by Bradley N. Hill
Our church leaders have suggested that there are some serious flaws in this TEE format, and they have prompted an exploration of new avenues.
The missionary, scurrying from his last class at the Bible institute, gathers up his recently translated TEE course. He fires up his Honda 250 and, lowering his visor, races 40 kilometers to meet with the catechists who have already gathered from miles around.
This scenario is regularly repeated across the Ubangi-Mongala territory in the northwestern corner of Zaire. Our church leaders have suggested that there are some serious flaws in this TEE format, and they have prompted an exploration of new avenues.
FOOTPATHS OF FAILURE
Theological Education by Extension (TEE) was first introduced to the Ubangi-Mongala in 1970 with the appearance of the translated course, Winning People for Jesus. Since then the missionaries have been busy translating more than a dozen other TEE courses, ranging from the Shepherd and His Work, to The Prophets, to The Christian Family.
The preparation of these courses has been top-notch, done by competent, professional, veteran missionaries. The Lingala language was checked and cross-checked by the nationals. The format was field-tested before printing. Revisions were made. As a result of these efforts, 700 students in the Communaute Evangelique de l’Ubangi-Mongala (CEUM) have finished at least one course. ("Communaute" is roughly "denomination." The CEUM belongs to the Eglise du Christ au Zaire.)
TEE courses came under the auspices of the Institut Biblique de l’Ubangi (IBU). The missionaries interested in TEE were either teachers in the IBU, or wished to put their curriculum under some official body. The IBU began to issue attestations to those students who successfully completed a course. Matriculation numbers were assigned and records kept. Students registered in increasing numbers in the hope that this avenue would lead to leadership positions in the church. It looked as though TEE was off and running, but in reality it had just collapsed. Why?
In 1978 a conference on theological education was held on one of the mission stations, bringing together Evangelical Free Church and Evangelical Covenant missionaries, as well as national leaders interested in theological education. A TEE program that corresponded to the official IBU curriculum was hammered out. Then at the end of the conference, the delegates voted that TEE not be accredited and that it not lead to any officially recognized position of leadership in the church.
A second conference of the CEUM leaders was held in 1985. It was voted unanimously that TEE be taken out of the supervision of the IBU and placed under the Department of Christian Education, effectively making TEE only a tool for personal growth, rather than a stepping stone to official leadership status in the church community. Why was this done?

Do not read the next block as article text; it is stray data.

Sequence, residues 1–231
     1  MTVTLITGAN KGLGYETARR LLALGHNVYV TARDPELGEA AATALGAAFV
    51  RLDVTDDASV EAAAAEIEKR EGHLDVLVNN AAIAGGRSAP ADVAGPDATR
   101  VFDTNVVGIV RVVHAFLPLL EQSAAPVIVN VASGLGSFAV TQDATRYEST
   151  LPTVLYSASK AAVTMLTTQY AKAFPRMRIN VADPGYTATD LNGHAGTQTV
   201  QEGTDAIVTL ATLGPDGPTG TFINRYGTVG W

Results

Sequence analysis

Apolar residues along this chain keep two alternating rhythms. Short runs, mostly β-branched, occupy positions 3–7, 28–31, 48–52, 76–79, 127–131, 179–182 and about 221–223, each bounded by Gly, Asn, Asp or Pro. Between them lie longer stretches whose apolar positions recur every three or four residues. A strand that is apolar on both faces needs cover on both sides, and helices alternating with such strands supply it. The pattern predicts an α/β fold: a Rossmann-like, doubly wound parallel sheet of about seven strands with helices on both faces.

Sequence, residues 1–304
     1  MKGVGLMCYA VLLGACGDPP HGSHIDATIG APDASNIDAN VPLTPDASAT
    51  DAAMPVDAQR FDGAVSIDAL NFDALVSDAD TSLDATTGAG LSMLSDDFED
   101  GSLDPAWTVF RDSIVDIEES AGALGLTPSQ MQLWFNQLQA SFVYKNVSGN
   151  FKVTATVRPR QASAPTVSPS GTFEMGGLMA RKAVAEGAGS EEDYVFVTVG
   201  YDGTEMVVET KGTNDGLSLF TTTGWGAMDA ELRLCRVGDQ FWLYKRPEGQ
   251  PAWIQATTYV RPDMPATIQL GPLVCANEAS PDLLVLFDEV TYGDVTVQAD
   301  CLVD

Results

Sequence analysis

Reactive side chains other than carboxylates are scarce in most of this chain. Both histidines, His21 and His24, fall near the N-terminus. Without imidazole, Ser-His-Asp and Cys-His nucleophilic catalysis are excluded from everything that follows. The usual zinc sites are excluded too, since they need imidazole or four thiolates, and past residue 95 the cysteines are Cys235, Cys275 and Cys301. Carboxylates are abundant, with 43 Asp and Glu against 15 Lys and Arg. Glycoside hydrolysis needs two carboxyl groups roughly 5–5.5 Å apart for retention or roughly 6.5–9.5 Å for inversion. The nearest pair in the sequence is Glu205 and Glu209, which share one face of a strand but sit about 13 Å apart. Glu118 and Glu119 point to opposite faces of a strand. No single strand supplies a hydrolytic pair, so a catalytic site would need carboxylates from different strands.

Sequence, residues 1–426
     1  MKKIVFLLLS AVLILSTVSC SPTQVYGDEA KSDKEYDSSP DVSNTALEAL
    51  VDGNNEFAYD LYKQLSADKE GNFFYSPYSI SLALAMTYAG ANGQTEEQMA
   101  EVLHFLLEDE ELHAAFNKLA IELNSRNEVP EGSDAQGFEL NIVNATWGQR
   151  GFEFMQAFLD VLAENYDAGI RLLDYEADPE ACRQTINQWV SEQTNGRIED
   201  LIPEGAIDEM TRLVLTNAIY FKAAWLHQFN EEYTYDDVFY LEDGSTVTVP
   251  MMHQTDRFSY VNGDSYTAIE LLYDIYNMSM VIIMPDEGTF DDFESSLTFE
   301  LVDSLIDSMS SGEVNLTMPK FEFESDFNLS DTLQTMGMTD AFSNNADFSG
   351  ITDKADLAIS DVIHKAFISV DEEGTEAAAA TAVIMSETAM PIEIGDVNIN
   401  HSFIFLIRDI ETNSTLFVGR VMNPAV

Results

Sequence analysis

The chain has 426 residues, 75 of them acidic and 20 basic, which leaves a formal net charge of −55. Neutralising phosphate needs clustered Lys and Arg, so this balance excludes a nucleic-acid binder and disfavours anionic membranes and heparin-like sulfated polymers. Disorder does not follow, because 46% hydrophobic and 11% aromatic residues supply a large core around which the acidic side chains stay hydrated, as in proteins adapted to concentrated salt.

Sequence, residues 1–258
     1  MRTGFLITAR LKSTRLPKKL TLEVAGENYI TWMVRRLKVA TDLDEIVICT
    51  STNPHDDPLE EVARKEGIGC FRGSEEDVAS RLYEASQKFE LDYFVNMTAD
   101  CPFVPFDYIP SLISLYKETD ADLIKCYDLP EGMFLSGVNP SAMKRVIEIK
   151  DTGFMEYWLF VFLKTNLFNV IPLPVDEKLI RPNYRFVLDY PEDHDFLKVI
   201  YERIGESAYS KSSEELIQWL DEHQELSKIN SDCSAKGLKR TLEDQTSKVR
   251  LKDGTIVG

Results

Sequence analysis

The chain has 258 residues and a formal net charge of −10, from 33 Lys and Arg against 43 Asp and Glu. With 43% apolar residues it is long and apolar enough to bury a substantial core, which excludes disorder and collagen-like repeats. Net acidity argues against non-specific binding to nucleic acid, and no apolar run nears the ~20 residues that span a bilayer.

A FOREIGN FLAVOR
The delegates to the 1978 and 1985 conferences stated their objections to TEE as a way of obtaining leadership positions in the church. These objections fall into five defensive postures.
1. Defense of the institution. "Why should we even have an IBU if any villager can acquire a diploma without ever sitting in class?" asked one national pastor. After all, the IBU had been created at great cost over the years. It had prestige. Enormous investments built it and sustained it. It was felt that another approach to leadership formation would undermine all that had been achieved.
2. Defense of status. "If an IBU diploma and a TEE diploma are equivalent, then all my efforts and sacrifices will be diminished." The prestige of the institute is bestowed on its graduates. If that status can be obtained by another means, then the prestige is reduced. There is an implicit assumption that a diploma gained without formal classwork is suspect.
"I don’t understand you missionaries," complained one pastor. "You spend years convincing us that going to school was the key to the future, now you want to avoid the school!"
He was right, of course, in his perception of our communication. The Western educational style, according to Eugene Nida, is "the most artificial technique ever devised for conveying instructions" (Customs and Cultures, p. 112). For half a century, the missionary had emphasized the structured classroom. Contrary to local culture, he had elevated Western classroom models and Western definitions of success. Pastors who had with great sacrifice climbed the Western academic ladder were understandably not enthralled with TEE’s new approach.
3. Defense of the market. The CEUM presently has 93 pastors on the active rolls, only 41 of whom are ordained, and this is to serve a constituency of over 90,000. While the CEUM has averaged a 10 percent growth rate over the last 10 years, the ministerium has grown at a rate of about four percent. The institute graduates about four or five pastors a year, adding them to the CEUM’s leadership pool, but the CEUM also loses two or three pastors each year for various reasons. The limited number of ordained pastors perceive that the doubling or tripling of their numbers would compromise the prestige of ordination.
They are also hesitant about blurring the laity-clergy distinctions, which they feel TEE will do. "I don’t see how a TEE graduate could be considered a pastor, not really," they say. It becomes evident that graduation from IBU is a rite of passage that leads first to the pastorate then on to ordination. That the ordinary villager could aspire to this same position via TEE is almost unthinkable.
TEE represents a shift in perspective in the concept of the church. Ecclesiology is at the root of their hesitancies about TEE. The CEUM views the church as essentially hierarchical in nature and the clergy as a priestly caste. Authority comes from above and sifts down to the members, it does not really derive from the congregation.
This hierarchical leadership style has roots that arise out of both the traditional patterns of chieftainship and missionary modeling. In the early, formative years, the missionaries with their prestige, technology, and knowledge, inevitably assumed the positions of "oracle" and guardians of the faith. National leaders had never seen an actual local parish modeled for them, only missions, and so naturally they adopted this style into their parishes. The clericalization of the CEUM is a process stemming from both cultural and missionary precedents.